(3) Hyperuricemia. Thiazides may reduce uric acid excretion and simultaneously reduce blood volume, which concentrates uric acid in the blood. This may predispose a hyperuricemic patient to gout. Contact physician if significant sudden joint pain occurs. If pt is on probenecid, an anti gout med, thiazide may decrease the effectiveness of it. (4) Hyperglycemia. Hyperglycemia is of concern for type 2 diabetic or prediabetic patients. It is believed the hypokalemia produced by thiazides may decrease release of insulin from the pancreas . This isn’t a problem with type 1 because they have no insulin. Blood glucose levels should be evaluated regularly and frequently, especially during early treatment. The effect of thiazides on potassium is dose-dependent and may be less of a problem with the 12.5 mg HCTZ dose. Some clinicians suggest the choice of treatment of hypertension in type 2 diabetics is a combination of low-dose thiazide plus an ACE inhibitor. (5). Oliguria. High doses of thiazides, particularly in elderly subjects or patients with impaired renal function, can reduce GFR and renal blood flow. The drug is contraindicated in oliguria. Monitor urine output and BUN levels. If urine output falls, notify the physician. A sudden onset of confusion or altered consciousness may indicate azotemia. If they kidneys arent working, thiazides wont work. (6). Thiazides should not be given to pregnant or breast-feeding women. The drug is potentially dangerous in pregnancy. Thrombocytopenia and hemolytic anemia have rarely been reported in newborns; jaundice also may occur in the newborn. The thiazides are listed as Pregnancy Category B or C but are considered "inappropriate" in 13
Cardiovascular pregnancy. There are some studies that show that they may cause some fetal changes…so you should not use during pregnancy. (7) Thiazides may unexpectedly aggravate borderline renal or hepatic insufficiency in elderly patients. They may increase serum levels of LDL and may cause erectile dysfunction. e. Interactions: (1). Hypotensive drugs: Additive effect (often beneficial). (2). Lithium: Risk of lithium toxicity because the natriuretic effect of diuretics results in increased lithium tubular reabsorption and blood level. Concurrent use should be avoided if possible; otherwise monitor the patient closely for signs and symptoms of lithium toxicity and reduce the dose of lithium as necessary. Lithium has a narrow therapeutic index. Its elimination and reabsorption is related to sodium. If you have a pt. on lithium, you tell them “don’t change your salt diet”..dont go on a low salt diet, don’t start eating salt. If you have a pt in lithium and they have HTN and you need to put them on a thiazide diuretic, you need to change the dose of the lithium. You can cause lithium toxicity if you either give a low salt diet or a salt losing diuretic like the thiazides and the loop diuretics.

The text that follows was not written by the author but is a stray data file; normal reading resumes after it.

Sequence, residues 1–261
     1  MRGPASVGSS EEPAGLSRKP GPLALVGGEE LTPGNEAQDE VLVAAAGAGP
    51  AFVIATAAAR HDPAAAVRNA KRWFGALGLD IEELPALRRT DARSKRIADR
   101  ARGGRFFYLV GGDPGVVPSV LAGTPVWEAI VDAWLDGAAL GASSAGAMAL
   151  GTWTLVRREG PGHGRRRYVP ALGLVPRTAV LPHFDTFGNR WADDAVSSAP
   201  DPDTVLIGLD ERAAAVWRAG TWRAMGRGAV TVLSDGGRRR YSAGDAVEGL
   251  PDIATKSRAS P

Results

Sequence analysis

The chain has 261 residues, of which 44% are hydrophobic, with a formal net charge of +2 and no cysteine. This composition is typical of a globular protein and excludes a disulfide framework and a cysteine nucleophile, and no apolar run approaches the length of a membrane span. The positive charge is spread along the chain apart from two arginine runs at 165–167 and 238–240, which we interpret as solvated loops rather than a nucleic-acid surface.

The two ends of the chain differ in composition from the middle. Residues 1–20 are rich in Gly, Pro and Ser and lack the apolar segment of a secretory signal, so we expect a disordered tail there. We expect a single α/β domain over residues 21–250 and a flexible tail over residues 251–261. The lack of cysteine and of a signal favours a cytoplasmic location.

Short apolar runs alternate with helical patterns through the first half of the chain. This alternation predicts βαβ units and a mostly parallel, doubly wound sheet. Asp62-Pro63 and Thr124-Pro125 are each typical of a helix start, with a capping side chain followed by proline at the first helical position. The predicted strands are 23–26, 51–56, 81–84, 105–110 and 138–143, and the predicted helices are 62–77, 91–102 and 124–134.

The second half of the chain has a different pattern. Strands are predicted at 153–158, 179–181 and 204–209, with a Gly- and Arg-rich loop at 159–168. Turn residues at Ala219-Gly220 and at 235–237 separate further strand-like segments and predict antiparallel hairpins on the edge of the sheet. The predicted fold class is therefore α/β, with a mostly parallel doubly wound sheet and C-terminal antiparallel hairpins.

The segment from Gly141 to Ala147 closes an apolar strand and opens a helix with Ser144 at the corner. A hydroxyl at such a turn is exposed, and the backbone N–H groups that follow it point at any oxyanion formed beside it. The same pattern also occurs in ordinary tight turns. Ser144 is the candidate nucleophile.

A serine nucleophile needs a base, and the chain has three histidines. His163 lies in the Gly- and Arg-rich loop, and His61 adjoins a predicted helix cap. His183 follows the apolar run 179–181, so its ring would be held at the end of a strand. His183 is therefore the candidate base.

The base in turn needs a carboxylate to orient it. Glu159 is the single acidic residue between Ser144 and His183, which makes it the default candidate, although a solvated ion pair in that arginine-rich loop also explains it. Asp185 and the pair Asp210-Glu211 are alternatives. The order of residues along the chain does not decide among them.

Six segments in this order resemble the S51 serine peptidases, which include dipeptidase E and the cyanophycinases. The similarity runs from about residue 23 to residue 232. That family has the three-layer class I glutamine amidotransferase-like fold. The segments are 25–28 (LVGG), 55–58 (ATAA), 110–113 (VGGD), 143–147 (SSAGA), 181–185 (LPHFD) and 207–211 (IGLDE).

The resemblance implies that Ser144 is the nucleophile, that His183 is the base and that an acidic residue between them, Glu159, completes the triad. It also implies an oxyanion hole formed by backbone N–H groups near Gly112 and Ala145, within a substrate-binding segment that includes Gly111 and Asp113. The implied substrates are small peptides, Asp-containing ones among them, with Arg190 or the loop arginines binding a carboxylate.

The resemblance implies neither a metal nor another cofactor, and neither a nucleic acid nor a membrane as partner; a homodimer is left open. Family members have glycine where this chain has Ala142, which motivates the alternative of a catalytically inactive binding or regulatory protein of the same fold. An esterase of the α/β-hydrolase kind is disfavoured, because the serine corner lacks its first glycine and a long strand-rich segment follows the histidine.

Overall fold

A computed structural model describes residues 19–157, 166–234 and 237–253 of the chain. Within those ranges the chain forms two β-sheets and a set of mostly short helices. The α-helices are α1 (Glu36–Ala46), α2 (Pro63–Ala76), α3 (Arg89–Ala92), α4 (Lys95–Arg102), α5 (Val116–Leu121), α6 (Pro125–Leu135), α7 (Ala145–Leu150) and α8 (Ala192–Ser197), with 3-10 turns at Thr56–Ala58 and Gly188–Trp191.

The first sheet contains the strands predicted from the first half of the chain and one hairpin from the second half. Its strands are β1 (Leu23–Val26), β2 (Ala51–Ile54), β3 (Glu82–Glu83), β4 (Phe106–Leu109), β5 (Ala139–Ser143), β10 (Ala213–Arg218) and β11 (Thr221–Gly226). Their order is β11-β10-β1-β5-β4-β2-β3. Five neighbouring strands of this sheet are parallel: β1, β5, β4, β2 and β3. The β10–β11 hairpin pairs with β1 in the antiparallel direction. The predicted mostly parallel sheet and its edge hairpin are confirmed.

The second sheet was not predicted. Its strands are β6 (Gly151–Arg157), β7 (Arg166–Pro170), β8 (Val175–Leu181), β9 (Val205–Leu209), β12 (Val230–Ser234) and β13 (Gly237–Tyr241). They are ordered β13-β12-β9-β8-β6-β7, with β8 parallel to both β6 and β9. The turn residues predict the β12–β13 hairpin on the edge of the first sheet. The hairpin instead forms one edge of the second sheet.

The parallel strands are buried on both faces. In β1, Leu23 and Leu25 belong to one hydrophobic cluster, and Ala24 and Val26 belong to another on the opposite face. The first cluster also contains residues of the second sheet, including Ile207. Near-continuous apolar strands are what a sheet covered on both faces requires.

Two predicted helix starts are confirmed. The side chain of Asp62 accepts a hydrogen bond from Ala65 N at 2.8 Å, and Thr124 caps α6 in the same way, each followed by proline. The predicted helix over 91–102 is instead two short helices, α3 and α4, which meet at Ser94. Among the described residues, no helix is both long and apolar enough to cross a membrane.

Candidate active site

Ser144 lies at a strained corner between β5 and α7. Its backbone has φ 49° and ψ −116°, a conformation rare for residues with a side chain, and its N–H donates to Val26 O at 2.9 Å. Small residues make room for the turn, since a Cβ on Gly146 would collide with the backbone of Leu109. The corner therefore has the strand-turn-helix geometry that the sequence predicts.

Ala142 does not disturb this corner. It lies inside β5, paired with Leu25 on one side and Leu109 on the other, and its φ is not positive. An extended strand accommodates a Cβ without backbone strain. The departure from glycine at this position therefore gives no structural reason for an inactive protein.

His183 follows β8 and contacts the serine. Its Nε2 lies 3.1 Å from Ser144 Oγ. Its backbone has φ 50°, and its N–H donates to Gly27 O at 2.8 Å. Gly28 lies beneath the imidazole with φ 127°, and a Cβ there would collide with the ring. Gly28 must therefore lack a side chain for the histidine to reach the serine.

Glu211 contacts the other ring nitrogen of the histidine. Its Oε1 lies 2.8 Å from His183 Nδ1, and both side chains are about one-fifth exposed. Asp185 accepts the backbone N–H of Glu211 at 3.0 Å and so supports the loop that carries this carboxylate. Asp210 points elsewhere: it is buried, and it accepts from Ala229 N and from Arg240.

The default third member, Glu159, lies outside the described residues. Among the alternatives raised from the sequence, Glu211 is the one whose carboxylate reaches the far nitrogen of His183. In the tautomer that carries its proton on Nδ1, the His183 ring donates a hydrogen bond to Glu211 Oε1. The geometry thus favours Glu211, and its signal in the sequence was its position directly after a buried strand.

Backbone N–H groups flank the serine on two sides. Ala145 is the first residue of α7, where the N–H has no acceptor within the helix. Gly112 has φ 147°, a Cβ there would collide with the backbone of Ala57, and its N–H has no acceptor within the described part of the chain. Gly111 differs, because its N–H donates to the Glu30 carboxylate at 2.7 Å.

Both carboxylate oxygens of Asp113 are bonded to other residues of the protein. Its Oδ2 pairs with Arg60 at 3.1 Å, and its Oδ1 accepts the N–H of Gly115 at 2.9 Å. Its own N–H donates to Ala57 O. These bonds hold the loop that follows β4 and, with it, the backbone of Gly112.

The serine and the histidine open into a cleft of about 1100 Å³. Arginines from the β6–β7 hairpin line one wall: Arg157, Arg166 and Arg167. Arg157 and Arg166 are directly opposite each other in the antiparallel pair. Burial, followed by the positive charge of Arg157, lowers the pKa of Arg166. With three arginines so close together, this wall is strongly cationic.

- Summer '16